5 Psychology strategies used to increase sales

5 Psychology strategies used to increase sales

Success in sales is not just about getting the other person to like you, and trust you, although that helps.

It is about how you employ human psychology.

Robert Cialdini articulated 6 rules in his seminal work ‘Influence‘ in 1993, Reciprocity, Social proof, Commitment and Consistency, Liking, Authority, and Scarcity.

Imagine you gave someone $30 for completing a task, and then because it was completed satisfactorily, you gave them another $20. Compare that to someone to whom you offered $70 to complete a task with an impossible deadline, and then took $20 away because they missed the deadline, although completing the task satisfactorily in all other aspects.

Which of the two would be happier? In this case, you have framed the situation to ensure that one saw the outcome in a positive light, rather than a negative one.

This sort of basic psychology is at work every time you negotiate in any way, it just happens. Thinking about the process with a little sensitivity the basic psychology can make you considerably more successful.

Some simple examples.

Part of a group.

Humans are herd animals. We tend to do what those around us do, to follow the lead of the group. Suggesting that others with whom they relate are doing ‘A’ will increase the likelihood that they will do the same, as demonstrated in Cialdini’s research in 2008 articulating his 7th principal of influence, the Unity principal. This leads us to be influenced by others the more we relate to them. This was the subject of his famous towels in a hotel project, where he demonstrated that guests could be significantly influenced simply by the persuasive power of telling them what others were doing.

Foot in the door.

This is not the old fashioned door to door technique of not stopping until you call the police, it is far less intimidating, and is a widely used tactic in digital marketing. The offer to try a product free for a month before paying for it is a foot in the door, as is the one that offers a free book, you just pay for the freight, or the one-time .97 cent offer, to get to the first level of a normally more expensive course, or club. The psychology is that once your hand has gone in your pocket once, you have made the purchase decision the first time, the second time is way easier.

Create a decoy

Potential customers seek value, defined in all sorts of ways, but when making a choice, they always look at the options available and ascribe a value to each, then make the choice. By making your preferred item look great compared to the alternatives you offer, you can significantly influence the outcome, Again this is used extensively in digital sales. On almost every sales page for a software product, there will be lists of comparative tools you are given for different amounts per month. Usually it will be three options, as option overload leads to confusion, and potential customers walking away, choosing to buy none, but when there are three, there will be the first with a few tools available, for free, or a small price, then there will be the $29/month with an extensive list of options, and a third with the same extensive list and a few more that might be important to a few, for $59/month. The vast majority will look at the value delivered by the $29 option, and opt there, as it offers the best value, the few who opt for the expensive one, well, they are the cream, and those that take the freebie or very cheap version are ripe to be upsold at a later time.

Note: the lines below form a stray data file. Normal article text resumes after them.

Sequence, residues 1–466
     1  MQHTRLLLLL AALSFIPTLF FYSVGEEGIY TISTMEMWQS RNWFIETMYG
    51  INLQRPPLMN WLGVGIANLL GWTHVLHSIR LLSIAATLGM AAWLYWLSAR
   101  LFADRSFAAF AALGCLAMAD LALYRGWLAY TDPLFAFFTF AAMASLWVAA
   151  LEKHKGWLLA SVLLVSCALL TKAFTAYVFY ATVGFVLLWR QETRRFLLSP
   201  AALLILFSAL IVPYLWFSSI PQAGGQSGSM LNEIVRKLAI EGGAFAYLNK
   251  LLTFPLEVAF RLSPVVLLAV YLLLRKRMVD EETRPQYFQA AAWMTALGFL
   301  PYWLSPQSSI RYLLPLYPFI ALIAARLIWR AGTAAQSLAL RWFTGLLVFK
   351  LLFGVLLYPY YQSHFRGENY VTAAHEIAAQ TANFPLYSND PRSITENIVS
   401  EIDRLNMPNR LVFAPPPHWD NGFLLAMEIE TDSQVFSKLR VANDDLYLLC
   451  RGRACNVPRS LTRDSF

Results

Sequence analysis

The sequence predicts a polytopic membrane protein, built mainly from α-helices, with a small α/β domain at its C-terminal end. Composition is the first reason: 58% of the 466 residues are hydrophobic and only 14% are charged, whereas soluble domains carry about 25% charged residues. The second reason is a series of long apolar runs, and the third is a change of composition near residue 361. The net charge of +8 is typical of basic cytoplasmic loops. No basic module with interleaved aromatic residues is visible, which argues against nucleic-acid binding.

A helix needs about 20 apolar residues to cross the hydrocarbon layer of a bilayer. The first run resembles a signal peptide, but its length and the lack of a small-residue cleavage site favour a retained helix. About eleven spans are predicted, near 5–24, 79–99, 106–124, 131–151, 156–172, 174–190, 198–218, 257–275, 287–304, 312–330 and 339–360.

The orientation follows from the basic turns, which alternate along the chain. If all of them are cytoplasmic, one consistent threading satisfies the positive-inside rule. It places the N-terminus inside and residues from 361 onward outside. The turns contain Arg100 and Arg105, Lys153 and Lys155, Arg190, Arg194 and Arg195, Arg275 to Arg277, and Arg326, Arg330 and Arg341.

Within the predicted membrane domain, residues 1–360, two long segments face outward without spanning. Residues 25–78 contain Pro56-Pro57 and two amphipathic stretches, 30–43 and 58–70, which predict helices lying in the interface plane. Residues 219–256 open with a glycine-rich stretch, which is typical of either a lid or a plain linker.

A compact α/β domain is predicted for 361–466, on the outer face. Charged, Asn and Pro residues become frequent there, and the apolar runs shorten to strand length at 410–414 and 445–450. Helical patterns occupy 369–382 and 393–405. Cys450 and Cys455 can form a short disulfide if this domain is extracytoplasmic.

Sell time.

We all understand the old adage, ‘Time is money’ so saving time with a purchase, time that can be used in other ways that will benefit the purchaser, is a powerful motivator. This technique is used extensively when selling services. Most of the so called ‘Business coaches’ out there use this technique, weaving pictures of how great it would be for small business owners to have the time to play golf every day, or run their businesses from the beach between diving expeditions on the reef.

It is also used in reverse, putting a time limit on the availability of a product. ‘Available only at this price until 5 pm tomorrow’ often accompanied by a clock running in reverse is similarly a strong motivator.

Quality = Price

In a market where the knowledge of many buyers is limited, like wine, consumers have over time recognised that price is a fair indicator of quality. When you understand the perception levels of a category in a consumers mind, they can be significantly influenced in a purchase decision by the ticket price.

The foundation of all this is of course that you have a very clear picture of your ideal customer, so can anticipate which of the techniques, and they are often used in tandem, will work, in your set of circumstances.

It also remains true that people love to buy, but hate to be sold to, so selling is really the wrong word, it is more about persuasion, and we all understand that psychology plays a huge role in persuasion.

PS this post was put up yesterday with a different headline, and redefined the dead cat bounce. I thought it was better than that, so polished it up a bit, to see what happens.